JUST hours away from attempting to swim across the English Channel, Craig Clarke feels ready to tackle the dream he has held for 40 years.
The Merewether man arrived in the small village of Saint Margaret's at Cliffe on June 15 and, after recovering from a dose of "deadly man flu", began tapering his training in the lead up to swimming the 34 kilometres - give or take the weather - from Dover to Calais.
Guided by Channel authorities and his pilot boat operator and support crew, the 57-year-old came close to departing on June 23 before the conditions deteriorated.
He had been hoping to swim in the window between July 3 and July 7 and on Thursday predicted he will enter the water on Monday, July 4.
"After discussions with my pilot boat operator this afternoon, based on a series of factors including the obvious critical weather forecast, the most likely date with Dover is Monday," he wrote on his Facebook page. "This is still subject to short notice change linked to the predicted winds in the Channel but is the day we are now targeting."
Assuming the date is confirmed, Clarke will start his swim at 2am (11am Monday AEST) based on the timing of the high tide.
There will be a link on his Facebook Page - Craigs English Channel Swim - which will allow his supporters to follow the live tracking link of his swim. Clarke is fund-raising for mental health charity Beyond Blue.
The former miner's attempt to swim the Channel comes two years after his lengthy plans to face the holy grail of ocean swimming were kyboshed by COVID.
Undeterred, he instead swam from Catherine Hill to Nobbys, a he dubbed "Coals to Newcastle" in honour of the historic shipping route between the Catho mines and the port.
Clarke relocated to Dover at the start of the week and this week told The Herald he was feeling "very happy" with his swim training and preparation.
"I'm feeling strong in the water and recovering well and time zone adjusted and sleeping well," he said, adding that he had tapered to 26kms of swimming earlier, and is now starting his "full taper" and reducing his training to 12-15kms per week.
Clarke has swum in Dover Harbour most days and says his Channel Swim start is dependent on the weather and mostly the wind.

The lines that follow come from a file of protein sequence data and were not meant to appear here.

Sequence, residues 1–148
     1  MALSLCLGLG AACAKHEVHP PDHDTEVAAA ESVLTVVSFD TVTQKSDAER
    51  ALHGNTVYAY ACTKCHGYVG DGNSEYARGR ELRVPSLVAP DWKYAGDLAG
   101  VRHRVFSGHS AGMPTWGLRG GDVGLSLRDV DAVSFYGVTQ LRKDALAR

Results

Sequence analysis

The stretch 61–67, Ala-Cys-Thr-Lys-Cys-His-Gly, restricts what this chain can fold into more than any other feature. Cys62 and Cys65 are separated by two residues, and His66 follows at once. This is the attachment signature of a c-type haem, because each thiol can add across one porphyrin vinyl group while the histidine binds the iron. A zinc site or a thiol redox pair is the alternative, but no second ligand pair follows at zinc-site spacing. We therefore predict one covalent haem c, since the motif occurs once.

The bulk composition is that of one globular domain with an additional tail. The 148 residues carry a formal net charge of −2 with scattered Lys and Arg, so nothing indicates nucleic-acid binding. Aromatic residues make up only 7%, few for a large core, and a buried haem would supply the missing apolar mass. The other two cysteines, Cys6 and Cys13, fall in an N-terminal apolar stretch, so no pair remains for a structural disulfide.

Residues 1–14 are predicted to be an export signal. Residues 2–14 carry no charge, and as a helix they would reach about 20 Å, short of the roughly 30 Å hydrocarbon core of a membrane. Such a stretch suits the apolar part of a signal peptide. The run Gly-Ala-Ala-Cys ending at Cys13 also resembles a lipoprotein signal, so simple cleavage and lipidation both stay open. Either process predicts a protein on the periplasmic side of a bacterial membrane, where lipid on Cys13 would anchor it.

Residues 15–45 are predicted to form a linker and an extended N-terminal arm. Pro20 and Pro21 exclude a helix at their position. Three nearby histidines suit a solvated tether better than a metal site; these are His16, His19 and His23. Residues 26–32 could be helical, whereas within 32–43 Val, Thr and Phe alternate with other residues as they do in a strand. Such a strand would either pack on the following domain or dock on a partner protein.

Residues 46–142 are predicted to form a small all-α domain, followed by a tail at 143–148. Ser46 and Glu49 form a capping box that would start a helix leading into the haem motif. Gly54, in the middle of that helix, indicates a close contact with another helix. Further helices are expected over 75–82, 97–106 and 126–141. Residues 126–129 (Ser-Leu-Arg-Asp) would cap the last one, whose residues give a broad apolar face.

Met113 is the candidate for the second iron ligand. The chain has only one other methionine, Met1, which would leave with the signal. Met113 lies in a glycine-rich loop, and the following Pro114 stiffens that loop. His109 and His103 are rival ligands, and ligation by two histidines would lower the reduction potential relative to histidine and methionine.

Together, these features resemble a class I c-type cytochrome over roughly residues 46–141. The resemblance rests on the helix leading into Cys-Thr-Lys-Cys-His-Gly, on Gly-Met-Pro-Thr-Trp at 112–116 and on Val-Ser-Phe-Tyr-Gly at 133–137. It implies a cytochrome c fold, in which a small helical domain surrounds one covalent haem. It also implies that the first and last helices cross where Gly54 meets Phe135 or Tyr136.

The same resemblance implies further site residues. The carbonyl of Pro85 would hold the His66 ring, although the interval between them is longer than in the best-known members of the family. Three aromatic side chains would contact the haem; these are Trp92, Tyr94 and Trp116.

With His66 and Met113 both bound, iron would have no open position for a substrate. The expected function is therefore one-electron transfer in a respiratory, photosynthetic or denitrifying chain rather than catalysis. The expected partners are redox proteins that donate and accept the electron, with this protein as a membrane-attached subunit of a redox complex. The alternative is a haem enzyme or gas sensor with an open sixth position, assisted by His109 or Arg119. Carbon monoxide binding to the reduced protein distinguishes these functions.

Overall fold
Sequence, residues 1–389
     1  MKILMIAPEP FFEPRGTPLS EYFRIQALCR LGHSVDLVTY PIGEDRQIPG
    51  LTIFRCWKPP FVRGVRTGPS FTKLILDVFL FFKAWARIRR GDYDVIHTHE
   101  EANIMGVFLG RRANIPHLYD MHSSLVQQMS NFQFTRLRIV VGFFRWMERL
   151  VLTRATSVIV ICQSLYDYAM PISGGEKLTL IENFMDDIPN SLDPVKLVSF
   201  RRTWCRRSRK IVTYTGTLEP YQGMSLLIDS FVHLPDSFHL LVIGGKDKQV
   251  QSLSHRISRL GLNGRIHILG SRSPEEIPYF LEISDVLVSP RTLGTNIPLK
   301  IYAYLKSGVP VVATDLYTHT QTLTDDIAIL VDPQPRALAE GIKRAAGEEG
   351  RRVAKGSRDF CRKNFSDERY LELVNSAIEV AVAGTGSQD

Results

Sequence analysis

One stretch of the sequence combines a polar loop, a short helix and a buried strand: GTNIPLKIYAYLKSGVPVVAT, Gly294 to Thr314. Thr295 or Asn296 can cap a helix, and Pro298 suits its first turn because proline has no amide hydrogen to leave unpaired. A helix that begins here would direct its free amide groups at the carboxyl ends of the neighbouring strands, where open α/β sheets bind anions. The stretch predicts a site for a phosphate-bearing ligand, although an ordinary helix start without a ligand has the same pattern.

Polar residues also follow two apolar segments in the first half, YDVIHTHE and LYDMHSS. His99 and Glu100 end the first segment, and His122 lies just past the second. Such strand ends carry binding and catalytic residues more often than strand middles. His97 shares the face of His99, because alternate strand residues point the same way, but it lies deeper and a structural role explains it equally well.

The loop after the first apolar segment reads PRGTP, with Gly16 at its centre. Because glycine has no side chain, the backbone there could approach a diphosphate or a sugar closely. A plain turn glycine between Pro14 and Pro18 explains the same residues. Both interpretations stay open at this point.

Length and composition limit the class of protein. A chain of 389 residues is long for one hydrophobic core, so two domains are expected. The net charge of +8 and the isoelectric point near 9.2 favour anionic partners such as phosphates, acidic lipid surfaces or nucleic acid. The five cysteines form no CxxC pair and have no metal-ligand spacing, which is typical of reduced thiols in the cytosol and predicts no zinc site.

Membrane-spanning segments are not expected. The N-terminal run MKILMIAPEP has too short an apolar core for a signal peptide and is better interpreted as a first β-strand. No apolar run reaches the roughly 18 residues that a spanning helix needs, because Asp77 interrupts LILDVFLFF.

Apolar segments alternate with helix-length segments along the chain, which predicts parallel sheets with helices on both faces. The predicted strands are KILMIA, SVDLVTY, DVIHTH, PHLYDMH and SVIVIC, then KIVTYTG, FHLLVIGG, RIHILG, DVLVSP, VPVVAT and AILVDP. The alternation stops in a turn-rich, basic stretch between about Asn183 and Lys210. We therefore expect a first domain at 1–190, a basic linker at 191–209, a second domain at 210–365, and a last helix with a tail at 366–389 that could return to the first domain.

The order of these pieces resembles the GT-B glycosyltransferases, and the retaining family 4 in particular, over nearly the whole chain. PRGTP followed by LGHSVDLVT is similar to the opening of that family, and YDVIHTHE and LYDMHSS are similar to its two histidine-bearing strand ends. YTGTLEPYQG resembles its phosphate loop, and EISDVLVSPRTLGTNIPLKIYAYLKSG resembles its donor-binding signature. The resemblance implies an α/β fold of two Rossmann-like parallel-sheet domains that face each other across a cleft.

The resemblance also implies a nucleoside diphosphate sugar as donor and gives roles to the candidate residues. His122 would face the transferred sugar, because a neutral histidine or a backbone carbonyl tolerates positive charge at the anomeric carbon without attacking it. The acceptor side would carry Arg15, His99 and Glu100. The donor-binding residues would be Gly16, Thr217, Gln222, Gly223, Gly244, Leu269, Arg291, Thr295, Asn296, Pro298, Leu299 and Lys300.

"The weather has been consistently sunny and warm and pleasant but the wind has plenty of grunt in it, especially from the south," he said.
"The Channel forecasting is challenging and often changes twice a day. I am in regular contact with my pilot boat operator and he cannot commit or even suggest a possible date until one to two days prior, and then that is not confirmed until 7pm the night before."
The water temperature has risen to 16 degrees and he has felt strong in the water, adjusting to the feel of the "very strong"tidal forces below the surface.
"I am mentally building up for the big day by a combination of things: swimming almost daily, meeting like-minded swimmers from all over the world, getting lots of positive feedback from my social media posts from back home, sharing my adventures with my nearest and dearest and very importantly for me listening to music and relaxing," he said.
Clarke is not feeling nervous about the enormous physical and mental challenge ahead.
"I have been preparing for a wide range of swims in the ocean, pool or surf for 45 years and always use the confidence in my own preparation to believe I will do well on the day, which settles my nerves," he said.
"In saying that, my mind will be racing on the night before I swim and restrict my sleep but I know I need to get good sleep on the earlier nights. I am extremely excited about swimming the Channel where the concept first entered my head 40 years ago, and fully understand the weather based delays which just add to the aura of this unique swim."
Once the "wild card" of the wind is on his side, Clarke must be on his pilot boat in Dover Harbour 75 minutes before he begins his swim. If conditions are good, he may finish in around 11 hours.
"The rules are laid out and everything I am wearing needs to be checked as well as a likely 40 minutes water travel time to the starting beach south of Dover called Samphire Hoe," he says.
"I will be getting out of bed two and a half hours prior to starting to swim. That could mean very little sleep with an early morning swim start. For example if I was to swim on July 5th my swim start time will be around 215am."
Buoyed by the support he has been receiving from Australia, he continues to banish any negative thoughts before his epic challenge.
"I feel very humbled being here but confident of swimming onto French land and stay in the zone by visualising that very special moment and what I am prepared to go through to get there. So I'm definitely in the zone now."
Business, news and feature reporter.
Business, news and feature reporter.
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